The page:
In a striking stylistic choice, the Master’s face is never seen entirely clearly. He’s almost always shot from a distance, an indistinct figure, and even in the rare exceptions to this rule, he’s partially obscured by translucent fabric or a pillow. His looks are irrelevant; so, to some degree, is the man in and of himself. What matters are his power, wealth and position, his birthright rather than anything he achieved through his own efforts or merit.
This impersonal quality extends to the women, who are generally referred to as First Mistress, Second Mistress and so on, not by their names. Once they join the household, it doesn’t matter that Songlian has attended a university or that Meishan (He Saifei), the Third Mistress, is a talented opera singer, except insofar as those qualities can please the Master. (“Educated women are different,” he says after carefully studying Songlian’s profile. “Now undress and get into bed.”) Their lives are no longer their own, not as they used to be. Robbed of meaning and any other purpose or goal, it’s no surprise that they end up throwing all of their energy into winning the Master’s favor, bringing out the worst in themselves in the process: lying, scheming, stabbing one another in the back.
Defeat is inevitable, though, in the long run if not on a nightly basis. The First Mistress (Jin Shuyuan), who appears old enough to be Songlian’s mother (at the very least), never sees the lantern set in front of her door anymore. She and the Master may be the same age, but he remains desirable by virtue of his position; she’s been superseded by newer models. (Rather than trying to one-up the others, it seems that she’s more or less resigned to her situation. Asked her opinion about Songlian’s latest maneuver, she replies, “What do I matter? I’m just an old woman.”) Aging isn’t the only threat. “You’re new here, and the Master isn’t tired of you yet,” Meishan tells Songlian. “But if you don’t give him a son, you’re in for some hard times.” Zhuoyun knows that well. “How useless! I only have a daughter,” she says — right in front of her little girl.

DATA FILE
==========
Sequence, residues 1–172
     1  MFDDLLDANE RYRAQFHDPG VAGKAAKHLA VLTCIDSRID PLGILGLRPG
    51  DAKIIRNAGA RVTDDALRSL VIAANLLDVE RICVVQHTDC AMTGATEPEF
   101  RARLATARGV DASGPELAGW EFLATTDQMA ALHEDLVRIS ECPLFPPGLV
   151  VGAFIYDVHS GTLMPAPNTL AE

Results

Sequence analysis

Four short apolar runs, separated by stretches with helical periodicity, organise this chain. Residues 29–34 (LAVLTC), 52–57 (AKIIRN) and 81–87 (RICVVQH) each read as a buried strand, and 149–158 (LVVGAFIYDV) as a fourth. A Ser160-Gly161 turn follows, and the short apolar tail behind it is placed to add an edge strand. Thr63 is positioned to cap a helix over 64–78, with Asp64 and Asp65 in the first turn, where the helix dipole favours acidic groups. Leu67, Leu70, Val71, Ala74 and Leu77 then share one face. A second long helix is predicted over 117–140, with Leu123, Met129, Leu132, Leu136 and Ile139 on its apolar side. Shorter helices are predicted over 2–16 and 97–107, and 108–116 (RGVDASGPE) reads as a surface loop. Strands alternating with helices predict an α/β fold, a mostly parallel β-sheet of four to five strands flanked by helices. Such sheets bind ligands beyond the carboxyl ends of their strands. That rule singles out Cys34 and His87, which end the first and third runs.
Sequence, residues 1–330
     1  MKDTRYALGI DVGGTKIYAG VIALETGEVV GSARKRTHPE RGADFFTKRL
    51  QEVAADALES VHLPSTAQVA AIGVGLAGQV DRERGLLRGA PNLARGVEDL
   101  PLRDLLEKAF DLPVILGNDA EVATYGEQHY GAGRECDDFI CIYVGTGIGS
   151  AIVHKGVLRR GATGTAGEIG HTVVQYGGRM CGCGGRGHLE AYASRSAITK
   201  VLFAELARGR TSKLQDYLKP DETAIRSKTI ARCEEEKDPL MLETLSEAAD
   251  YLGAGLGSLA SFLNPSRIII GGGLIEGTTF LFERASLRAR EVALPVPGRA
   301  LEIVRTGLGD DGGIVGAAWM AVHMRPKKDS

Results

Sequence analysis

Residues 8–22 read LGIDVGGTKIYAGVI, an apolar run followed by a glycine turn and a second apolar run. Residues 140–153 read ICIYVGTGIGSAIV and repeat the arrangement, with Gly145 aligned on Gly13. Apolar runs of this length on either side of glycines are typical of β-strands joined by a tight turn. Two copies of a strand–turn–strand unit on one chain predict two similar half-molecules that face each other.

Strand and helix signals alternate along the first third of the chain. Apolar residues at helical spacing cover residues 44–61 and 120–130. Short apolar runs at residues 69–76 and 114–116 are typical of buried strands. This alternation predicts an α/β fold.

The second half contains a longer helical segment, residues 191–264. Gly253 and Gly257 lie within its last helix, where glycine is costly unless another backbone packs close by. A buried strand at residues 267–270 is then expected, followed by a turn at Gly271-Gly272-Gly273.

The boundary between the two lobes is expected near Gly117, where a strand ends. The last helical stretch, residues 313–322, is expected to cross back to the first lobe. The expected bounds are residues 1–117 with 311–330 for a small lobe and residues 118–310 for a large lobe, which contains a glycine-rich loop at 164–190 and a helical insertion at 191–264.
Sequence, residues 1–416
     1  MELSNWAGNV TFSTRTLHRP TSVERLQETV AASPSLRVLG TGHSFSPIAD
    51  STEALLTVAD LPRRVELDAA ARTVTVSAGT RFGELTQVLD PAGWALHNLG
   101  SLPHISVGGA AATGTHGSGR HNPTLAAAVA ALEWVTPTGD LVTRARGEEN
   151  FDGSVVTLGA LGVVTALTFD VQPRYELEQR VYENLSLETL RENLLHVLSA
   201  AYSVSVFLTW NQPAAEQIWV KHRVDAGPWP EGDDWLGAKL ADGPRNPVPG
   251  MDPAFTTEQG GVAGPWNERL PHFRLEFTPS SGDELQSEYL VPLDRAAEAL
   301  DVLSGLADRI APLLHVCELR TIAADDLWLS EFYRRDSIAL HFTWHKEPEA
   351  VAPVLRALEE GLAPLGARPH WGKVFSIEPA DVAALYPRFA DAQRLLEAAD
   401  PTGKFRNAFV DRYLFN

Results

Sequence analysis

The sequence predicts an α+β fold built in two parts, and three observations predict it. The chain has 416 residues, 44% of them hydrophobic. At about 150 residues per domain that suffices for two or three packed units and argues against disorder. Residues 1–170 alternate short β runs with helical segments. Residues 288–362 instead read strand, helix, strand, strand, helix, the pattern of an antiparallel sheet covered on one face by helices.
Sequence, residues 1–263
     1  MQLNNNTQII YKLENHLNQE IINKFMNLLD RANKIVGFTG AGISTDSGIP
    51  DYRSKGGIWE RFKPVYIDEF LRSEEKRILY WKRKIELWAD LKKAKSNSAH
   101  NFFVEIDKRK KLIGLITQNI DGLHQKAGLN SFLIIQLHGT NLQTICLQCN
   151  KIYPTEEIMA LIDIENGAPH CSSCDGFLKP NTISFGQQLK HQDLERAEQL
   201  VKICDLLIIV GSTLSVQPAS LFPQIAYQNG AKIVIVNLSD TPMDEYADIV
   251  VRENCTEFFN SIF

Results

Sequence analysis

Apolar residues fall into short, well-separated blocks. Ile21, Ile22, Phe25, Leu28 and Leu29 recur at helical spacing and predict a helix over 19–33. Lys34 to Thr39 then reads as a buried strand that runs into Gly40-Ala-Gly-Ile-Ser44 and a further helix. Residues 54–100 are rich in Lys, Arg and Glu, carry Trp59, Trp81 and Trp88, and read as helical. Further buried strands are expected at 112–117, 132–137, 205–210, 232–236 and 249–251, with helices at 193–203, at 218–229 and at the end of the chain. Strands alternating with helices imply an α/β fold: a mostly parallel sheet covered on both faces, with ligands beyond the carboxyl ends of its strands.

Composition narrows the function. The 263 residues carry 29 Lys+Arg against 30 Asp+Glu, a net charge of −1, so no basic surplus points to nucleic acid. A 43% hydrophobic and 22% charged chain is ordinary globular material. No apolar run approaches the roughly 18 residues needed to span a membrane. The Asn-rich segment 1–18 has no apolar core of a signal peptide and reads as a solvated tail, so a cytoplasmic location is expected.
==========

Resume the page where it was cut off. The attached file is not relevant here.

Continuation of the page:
Women are necessary to the Master, but they don’t count for much except as they relate to him, and the massive walls and buildings of his compound underline their insignificance. Even the Master himself isn’t completely free, bound as he is by custom and the need to uphold his family’s good name. (He sends an ill maid to the hospital and is willing to pay any amount for her medicine because otherwise “people will say we let our servants die.”) “Light the lanterns, blow out the lanterns, cover the lanterns — what do I care?” Songlian muses. “What do people amount to in this house? They’re like cats, dogs or rats, but certainly not like people.”
This post is part of the Colours Blogathon, hosted by Thoughts All Sorts. Click the banner above to see all of the other great posts.